Dave Shuster has been confronted by secret government agents over a photo taken by a Mars lander of a graveyard, complete with crosses, on Mars. Shuster claims that, in an alternate timeline, he was a low-level bureaucrat in the administration of a joint U.S.-Soviet Mars colony when he was caught up in a murder mystery involving the illegal use of robot technology.
In that timeline, the Cold War took a very different turn—largely influenced by Admiral Robert Heinlein, who was allowed to return to naval service following World War II.
When Shuster is thrown into a power vacuum immediately upon his arrival on the Mars Colony in 1985, he finds himself fighting a rogue industrialist, using his wits and with some help from unlikely sources in a society infiltrated by the pervasive presence of realistic androids.
"This is a terrifically inventive and highly creative novel about troubles with androids set on Mars and set in an alternative future. It is quite funny and exciting, but the biggest joy is the well thought alternative history. Highly recommended."– Amazon Review
"Lou Antonelli is a creative writer & thinker. He seems to have a great grasp on bureaucracy, politics & space travel. Love stories & greed. It's all there & more. I've read 30 SciFi novels in 2 years and this is up there with the best. Worth the read."– Amazon Review
I'm sorry, I'm not smiling. I'm grimacing.
Yes, I'm nervous—anxious, really. After all these years, to have someone believe my story—to come and ask me about it. I'm practically in pain. I can't believe it; after so many years!
Let me take a deep breath and try to calm down and get it out. It's quite a story, and all true.
Oh, first and foremost, just let me go through it once without a break. No questions or interruptions, please?
Okay. Hmmm …
I guess you could say it all happened because I wanted too much, too soon. I was only 27, and I asked for the Moon. They gave me Mars instead. I had it coming. Hubris, I suppose.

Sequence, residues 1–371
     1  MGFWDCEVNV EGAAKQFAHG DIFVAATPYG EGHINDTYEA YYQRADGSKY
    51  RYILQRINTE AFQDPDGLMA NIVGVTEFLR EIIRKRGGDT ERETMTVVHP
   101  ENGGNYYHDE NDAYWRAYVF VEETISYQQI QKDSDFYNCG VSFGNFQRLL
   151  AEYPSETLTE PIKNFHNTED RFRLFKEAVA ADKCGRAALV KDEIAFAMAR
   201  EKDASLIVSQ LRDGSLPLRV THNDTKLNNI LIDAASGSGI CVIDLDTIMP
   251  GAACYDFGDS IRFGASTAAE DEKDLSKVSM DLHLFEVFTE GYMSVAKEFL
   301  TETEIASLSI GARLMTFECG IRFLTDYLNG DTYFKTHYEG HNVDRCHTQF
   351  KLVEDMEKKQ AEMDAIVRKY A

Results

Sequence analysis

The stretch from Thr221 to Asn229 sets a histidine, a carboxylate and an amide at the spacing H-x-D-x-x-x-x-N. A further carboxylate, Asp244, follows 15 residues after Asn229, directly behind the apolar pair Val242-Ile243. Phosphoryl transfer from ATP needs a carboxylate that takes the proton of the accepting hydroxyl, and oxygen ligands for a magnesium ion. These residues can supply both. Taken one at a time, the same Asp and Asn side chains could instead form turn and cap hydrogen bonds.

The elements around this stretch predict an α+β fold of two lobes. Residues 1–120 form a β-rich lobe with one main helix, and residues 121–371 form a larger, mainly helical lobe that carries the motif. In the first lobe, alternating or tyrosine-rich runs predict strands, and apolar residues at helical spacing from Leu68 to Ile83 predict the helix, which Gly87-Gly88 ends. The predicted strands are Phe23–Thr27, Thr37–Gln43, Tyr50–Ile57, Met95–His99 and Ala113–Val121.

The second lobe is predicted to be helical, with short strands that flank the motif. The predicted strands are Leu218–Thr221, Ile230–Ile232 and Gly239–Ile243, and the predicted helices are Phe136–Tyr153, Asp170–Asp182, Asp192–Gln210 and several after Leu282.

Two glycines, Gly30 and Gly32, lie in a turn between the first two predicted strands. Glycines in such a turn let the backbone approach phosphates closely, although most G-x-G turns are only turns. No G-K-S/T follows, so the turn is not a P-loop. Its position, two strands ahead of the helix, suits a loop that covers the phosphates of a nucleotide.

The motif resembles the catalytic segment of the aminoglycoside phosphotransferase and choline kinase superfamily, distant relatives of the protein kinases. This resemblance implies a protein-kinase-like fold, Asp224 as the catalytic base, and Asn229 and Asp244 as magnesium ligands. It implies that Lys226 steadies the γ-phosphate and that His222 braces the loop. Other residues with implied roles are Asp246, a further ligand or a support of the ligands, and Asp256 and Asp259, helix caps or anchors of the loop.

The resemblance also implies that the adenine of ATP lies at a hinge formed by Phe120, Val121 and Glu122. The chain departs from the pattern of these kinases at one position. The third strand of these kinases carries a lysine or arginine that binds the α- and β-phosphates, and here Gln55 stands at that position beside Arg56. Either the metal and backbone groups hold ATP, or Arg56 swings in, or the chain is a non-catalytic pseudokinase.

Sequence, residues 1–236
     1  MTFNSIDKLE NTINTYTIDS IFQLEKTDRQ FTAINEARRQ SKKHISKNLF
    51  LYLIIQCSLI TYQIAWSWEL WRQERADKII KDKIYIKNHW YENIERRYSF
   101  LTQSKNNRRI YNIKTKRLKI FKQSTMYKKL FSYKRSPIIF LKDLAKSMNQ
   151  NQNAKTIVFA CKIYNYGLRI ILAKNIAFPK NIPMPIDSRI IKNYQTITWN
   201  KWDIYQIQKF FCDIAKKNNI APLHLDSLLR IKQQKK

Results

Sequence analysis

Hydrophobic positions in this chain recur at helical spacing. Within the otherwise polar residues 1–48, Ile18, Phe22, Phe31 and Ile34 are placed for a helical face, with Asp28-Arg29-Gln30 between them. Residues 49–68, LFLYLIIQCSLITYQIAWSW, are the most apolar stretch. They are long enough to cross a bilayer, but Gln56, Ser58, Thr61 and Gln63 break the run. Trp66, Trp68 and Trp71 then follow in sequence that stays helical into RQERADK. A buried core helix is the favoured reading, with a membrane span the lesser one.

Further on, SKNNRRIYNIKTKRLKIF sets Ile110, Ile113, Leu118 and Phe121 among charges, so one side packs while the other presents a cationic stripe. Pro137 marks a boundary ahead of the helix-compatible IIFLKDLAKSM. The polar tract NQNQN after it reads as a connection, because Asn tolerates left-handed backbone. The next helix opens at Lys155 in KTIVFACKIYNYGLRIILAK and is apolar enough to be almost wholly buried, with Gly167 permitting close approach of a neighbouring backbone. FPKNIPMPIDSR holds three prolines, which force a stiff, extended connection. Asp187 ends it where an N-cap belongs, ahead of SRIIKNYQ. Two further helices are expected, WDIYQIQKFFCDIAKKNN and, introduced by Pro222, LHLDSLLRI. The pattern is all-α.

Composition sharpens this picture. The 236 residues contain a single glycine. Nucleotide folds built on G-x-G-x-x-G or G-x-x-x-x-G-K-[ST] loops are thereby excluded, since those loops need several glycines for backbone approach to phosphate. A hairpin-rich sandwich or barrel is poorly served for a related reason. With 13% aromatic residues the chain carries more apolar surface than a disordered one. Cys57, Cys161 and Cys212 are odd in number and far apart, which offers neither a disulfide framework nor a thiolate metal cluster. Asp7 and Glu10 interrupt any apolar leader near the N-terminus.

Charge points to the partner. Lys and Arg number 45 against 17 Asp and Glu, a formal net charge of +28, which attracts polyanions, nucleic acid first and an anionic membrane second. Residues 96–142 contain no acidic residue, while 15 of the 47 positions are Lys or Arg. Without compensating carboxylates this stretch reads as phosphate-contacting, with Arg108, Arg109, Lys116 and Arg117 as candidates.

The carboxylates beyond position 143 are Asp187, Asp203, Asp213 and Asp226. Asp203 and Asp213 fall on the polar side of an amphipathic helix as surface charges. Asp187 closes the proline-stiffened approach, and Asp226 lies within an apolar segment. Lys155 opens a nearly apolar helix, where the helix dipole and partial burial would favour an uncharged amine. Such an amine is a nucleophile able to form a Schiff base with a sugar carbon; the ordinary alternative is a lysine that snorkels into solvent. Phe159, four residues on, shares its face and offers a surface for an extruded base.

It was a bitterly cold winter night when I left Manhattan to catch the shuttle to the Moon. You could see your breath. I had a long scarf on, but no hat or cap, and the cold air made my hair stand on end.
I hoped I wouldn't have to wait long. My apartment building was eleven stories tall and had a hover cab stand on its roof. None of the buildings at the Broadway and 110th Street intersection, strangely enough, were even ten stories tall, so the sky taxi stand for that intersection was atop my building.
So far uptown, it wasn't a particularly busy location, and I had to wait a good quarter of an hour for a cab to come down from the sky. I had 15 long minutes to ponder what I had gotten myself into.
The taxi stand was only an open shelter, so I was freezing as I looked toward midtown. I could see the RCA Building with its bright red logo at Rockefeller Center, and farther south, the Empire State Building with its illuminated set-backs. At the tip of Manhattan, the twin towers of the World Trade Center—which were over 1,100 feet tall themselves—flanked the mile-high Space Trylon. It was clear as well as cold, and as I looked toward Frank Lloyd Wright's masterpiece, it seemed to be pointing to the stars. This, of course, was the idea, since it embodied the joint American-Soviet space exploration program that settled the Moon in 1955, and, twenty years later, Mars.